In Bernard Tavernier’s film Laissez Passer which I wrote about a few days ago Henri-Georges Clouzot gets indirectly a harsh treatment. He is one of these directors who continued to work under the German occupation during WWII, and was attacked for this attitude long time after. He was also a fine director, classics like Quai d’Orfevres, Le Salaire de la Peur (Wages of Fear, maybe the best role in the career of Yves Montand) and Diabolique are among the best works in French cinema until the emergence of the New Wave, which displaced Clouzot.

(video source DivineBB)

It is ironical that La Verite was his last great film, and that the New Wave exponents were so critical of him. The film contains in my opinion in it many of the elements that were further taken over, continued and amplified by Truffaut, Godard, et co. It is to some extent a milestone at the border between the classic and the new French cinema of the 60s. The subject itself speaks about the confrontation of two generations. A young girl is brought to trial. She killed her lover and the court needs to decide if this was an accident, or a passion crime, or a calculated murder. The tribunal is composed of all that represents the old generation – judges, lawyers, audience – all ready to pass a moral judgment or maybe a lynch on the girl. She comes from a different world, she belongs to a different generation, one that refuses to complain to conventions, she speaks a different language, listens to a different music, feels and loves differently. Today’s spectator cannot abstain from thinking about 1968, the year when than generation took the streets in France and elsewhere, and changed history. But the year is still 1960, and the verdict of the trial can be only one.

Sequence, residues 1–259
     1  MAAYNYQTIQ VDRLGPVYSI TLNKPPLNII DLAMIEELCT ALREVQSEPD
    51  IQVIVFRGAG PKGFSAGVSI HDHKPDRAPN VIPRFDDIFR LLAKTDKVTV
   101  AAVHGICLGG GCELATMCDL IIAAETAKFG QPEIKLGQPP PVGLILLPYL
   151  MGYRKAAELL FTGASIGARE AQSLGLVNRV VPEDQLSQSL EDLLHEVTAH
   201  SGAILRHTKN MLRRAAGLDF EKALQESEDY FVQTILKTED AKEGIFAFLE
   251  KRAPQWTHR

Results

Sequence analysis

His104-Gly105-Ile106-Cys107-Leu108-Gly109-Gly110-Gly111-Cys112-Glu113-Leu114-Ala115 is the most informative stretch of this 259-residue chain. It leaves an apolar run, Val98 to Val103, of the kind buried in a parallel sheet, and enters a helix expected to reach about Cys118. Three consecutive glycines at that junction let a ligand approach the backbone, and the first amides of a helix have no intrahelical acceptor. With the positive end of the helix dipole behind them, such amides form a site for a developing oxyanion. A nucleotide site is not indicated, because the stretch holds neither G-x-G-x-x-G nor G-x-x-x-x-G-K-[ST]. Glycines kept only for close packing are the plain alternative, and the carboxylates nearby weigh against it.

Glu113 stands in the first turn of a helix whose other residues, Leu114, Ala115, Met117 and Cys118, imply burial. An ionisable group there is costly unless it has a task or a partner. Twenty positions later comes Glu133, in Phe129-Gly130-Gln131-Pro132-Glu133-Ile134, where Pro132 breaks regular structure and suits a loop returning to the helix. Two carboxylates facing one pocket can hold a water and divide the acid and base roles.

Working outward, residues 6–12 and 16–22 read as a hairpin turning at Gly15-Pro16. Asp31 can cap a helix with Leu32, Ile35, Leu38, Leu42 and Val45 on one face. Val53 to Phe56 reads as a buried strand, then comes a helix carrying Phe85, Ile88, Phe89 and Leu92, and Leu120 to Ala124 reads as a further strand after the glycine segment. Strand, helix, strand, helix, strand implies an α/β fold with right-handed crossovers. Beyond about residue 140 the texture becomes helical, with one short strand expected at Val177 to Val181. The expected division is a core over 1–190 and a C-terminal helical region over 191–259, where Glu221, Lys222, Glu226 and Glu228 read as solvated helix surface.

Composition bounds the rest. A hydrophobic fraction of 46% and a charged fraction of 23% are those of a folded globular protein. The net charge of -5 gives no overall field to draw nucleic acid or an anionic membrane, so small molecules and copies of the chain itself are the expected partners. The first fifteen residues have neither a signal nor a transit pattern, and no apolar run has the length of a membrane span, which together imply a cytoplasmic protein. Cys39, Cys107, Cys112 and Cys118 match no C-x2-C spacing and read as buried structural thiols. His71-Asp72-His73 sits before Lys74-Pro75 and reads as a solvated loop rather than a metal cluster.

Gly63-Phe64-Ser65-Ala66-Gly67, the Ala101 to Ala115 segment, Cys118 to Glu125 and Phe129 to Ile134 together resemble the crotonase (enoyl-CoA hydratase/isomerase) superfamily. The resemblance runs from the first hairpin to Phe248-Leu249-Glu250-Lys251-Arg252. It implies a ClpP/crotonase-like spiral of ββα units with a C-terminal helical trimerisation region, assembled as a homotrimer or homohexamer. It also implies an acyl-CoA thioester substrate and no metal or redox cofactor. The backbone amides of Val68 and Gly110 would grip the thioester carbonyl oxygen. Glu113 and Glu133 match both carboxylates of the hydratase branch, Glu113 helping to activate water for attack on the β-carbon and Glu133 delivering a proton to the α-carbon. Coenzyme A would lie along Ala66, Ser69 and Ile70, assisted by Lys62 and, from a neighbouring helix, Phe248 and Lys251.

The intuition of Clouzot is ahead of time not only in what concerns the historical judgment. It is also in the style of filming. Most of the film is a court drama, in the American tradition of Kramer, just translated in French. A few scenes however are filmed in the street, part of the flashbacks that recall the story of the affair that ended in tragedy. Well these scenes are for all practical purposed New Wave. They do not only depict the Paris of the new generation, they are also filmed in the style of the new generation of directors. Here Clouzot bends graciously towards the young directors that will defame him.

(video source beatlessette)

And of course, there is Brigitte Bardot. This is one of her best roles, she plays the whole range of emotions she is capable of, is beautiful and vulnerable, passionate and desperate. She attracts men, she attracts the attention, she creates emotion. It is her against the whole world, in a personal rebellion with no chance of success. With this film she established herself as a serious actress, not only as a popular star. It is her film to the same extent that it’s Clouzot’s and it is one to remember.